LinkedIn Offers New Options for Students

Recent college grads and current students can showcase on-campus achievements on the social network.


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A competitive job market that continues to show minimal growth has added to the doubts and frustrations some students and recent graduates have about life after college. In an effort to aid young professionals in their job searches, LinkedIn—the social network of more than 100 million members and recognized for connecting professionals—has added new sections to its profiles that allow students and graduates with limited professional experience to highlight successes in the classroom. These new sections allow students to post information regarding projects, honors and awards, involvement in organizations, test scores, and courses.

Laurie Boettcher, a social media speaker and trainer, believes the new sections will give students and graduates a leg up in the job search. "I think it's definitely going to make them more competitive," Boettcher says. "Employers spend so much money on training new employees and, if they know you've already had some experience in doing some of this type of work, that's going to be a big deal."

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With the revamped profile choices, users have the ability to reorder sections to highlight and prioritize their strongest attributes. According to Eric Stoller, a higher education consultant, students should understand that adding positive information won't necessarily make them stand out from the crowd. "With today's millennial generation, everybody's getting honors and awards," Stoller says. "It seems like you come in 7th place [and] you get a medal. Same thing with test scores, with grade inflation, everyone could have a 4.0 GPA, because who's going to check it?"

Stoller suggests highlighting "tangible items" such as projects or organizational involvement, which better relate to your professional potential. "What have you done [on campus] and how did you go about doing it?" Stoller notes. "Showcase your leadership ability, your ability to work with other people, [and] your decision-making ability."

Although providing information on participation in projects and organizations can be beneficial, students must be aware that the job search does not end there. Abhishek Seth, a rising senior at Boston University and active user of the social platform, fears students may use the sections for the wrong reasons. "I'm a little afraid that it's giving false hope to students because they think they can just post their credentials on their wall and get a job," Seth says. "I think one thing I learned quickly [on LinkedIn] was that people wouldn't just come to me. I had to reach out to others."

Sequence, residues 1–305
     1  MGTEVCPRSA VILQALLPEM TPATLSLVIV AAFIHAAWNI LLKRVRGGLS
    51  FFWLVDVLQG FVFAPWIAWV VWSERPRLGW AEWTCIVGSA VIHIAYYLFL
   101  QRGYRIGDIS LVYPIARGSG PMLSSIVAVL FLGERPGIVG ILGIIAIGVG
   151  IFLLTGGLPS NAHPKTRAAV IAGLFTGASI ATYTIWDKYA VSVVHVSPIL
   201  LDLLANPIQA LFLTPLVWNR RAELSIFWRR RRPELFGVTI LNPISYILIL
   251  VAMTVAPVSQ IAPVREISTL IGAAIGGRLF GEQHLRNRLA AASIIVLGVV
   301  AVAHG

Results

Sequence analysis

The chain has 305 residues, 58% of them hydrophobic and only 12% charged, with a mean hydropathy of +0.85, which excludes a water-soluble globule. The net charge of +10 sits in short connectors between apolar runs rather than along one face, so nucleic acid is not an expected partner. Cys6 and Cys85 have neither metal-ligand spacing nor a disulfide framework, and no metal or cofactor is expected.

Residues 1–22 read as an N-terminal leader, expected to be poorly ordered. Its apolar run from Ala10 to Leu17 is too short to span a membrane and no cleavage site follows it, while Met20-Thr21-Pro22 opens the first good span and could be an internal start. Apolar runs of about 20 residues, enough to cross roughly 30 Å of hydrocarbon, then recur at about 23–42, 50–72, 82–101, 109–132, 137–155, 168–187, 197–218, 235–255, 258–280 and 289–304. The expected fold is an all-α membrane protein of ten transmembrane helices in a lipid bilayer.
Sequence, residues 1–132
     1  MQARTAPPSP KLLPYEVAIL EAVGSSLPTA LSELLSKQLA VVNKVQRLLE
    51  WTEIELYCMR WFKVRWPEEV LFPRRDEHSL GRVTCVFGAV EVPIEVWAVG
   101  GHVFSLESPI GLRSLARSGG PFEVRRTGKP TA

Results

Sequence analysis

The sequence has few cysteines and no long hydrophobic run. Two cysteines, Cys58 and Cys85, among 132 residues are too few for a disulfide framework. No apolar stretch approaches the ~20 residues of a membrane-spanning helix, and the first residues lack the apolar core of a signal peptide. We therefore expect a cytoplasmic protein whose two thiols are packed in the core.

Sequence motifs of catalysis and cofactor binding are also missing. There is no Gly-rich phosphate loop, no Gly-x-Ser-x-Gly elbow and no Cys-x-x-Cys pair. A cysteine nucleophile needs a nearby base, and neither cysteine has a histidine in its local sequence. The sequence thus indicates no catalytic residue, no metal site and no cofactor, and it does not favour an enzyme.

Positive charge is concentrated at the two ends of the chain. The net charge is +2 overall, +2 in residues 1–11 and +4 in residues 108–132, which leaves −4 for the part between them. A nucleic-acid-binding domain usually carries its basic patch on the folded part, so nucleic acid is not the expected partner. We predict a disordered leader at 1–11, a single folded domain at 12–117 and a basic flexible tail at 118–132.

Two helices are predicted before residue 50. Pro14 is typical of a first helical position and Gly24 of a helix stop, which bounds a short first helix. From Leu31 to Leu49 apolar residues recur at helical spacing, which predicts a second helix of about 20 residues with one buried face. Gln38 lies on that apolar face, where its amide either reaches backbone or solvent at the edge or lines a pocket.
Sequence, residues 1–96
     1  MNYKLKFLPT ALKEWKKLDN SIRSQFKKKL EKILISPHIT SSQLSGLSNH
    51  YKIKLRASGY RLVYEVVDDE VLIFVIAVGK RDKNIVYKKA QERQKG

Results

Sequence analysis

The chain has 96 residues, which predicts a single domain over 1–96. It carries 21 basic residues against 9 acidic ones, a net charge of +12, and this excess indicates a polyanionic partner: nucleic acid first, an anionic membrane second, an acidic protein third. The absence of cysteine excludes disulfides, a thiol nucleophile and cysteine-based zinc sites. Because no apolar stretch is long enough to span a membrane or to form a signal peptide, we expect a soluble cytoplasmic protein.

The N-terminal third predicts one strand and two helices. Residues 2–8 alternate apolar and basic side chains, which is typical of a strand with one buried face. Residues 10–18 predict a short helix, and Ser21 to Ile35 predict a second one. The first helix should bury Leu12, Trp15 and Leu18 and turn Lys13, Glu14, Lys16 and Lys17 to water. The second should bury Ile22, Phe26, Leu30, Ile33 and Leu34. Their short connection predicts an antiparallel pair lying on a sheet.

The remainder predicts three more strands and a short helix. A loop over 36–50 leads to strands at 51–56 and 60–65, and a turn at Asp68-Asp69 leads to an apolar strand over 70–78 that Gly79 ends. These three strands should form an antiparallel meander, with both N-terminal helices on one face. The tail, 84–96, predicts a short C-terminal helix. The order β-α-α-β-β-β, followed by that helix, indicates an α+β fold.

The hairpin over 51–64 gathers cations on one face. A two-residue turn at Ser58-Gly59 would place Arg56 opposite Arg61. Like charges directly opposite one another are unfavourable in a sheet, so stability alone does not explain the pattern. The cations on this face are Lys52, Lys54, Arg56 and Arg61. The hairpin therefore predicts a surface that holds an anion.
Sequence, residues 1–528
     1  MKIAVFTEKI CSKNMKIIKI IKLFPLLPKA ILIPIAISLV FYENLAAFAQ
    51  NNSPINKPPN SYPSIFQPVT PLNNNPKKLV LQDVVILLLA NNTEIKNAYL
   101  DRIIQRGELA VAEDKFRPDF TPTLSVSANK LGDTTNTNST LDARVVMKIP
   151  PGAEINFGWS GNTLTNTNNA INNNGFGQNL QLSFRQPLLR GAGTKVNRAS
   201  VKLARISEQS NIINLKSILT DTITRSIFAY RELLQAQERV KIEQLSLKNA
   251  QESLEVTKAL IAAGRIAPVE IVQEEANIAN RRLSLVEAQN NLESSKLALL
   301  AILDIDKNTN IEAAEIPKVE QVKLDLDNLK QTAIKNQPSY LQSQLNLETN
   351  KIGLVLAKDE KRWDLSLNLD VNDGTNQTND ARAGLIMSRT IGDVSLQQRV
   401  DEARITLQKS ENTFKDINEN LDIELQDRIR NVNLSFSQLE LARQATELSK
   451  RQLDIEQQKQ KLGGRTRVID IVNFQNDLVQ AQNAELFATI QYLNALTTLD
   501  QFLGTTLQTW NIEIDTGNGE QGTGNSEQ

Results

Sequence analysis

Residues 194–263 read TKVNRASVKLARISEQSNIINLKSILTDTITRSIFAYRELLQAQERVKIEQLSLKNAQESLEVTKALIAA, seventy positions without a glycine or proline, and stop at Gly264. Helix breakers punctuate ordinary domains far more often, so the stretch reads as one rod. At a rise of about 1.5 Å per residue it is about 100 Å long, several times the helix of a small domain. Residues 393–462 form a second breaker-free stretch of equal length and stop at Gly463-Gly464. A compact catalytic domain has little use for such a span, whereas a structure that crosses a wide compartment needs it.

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Seth also believes the stigma of being a college student could carry over to a user's LinkedIn profile, causing them to lose ground to other more experienced workers. "It pigeonholes them as a student by talking about what organizations or fraternities they're working for," he notes. "Automatically they're thrown into a student category. Big companies don't want students. They want real professionals."

While highlighting your academic achievements can strengthen your profile, employers are still primarily interested in the internship or work experience that students and recent graduates attained during college, notes Lindsey Sparks, a senior PR specialist at American Fidelity Assurance Company, an insurance provider.

"When you have a stack of 70 résumés for a position, and half of them have internship experience, they're immediately going to go above all of the people who don't list that," Sparks says. "So it's really hard for people to stand out if they don't have professional experience to go along with it.

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While many students are aware of the importance of displaying professional experience on LinkedIn, some are encouraged by the option to add classroom successes to their profiles. Andi Enns, a rising junior at Park University, says that these new sections will likely motivate students to be more active on campus. "It will remind them that it is really important to get involved and have the type of experiences we may not be able to have in an entry-level job," Enns notes. "These new sections give me the opportunity to show potential employers that I do more than study on campus."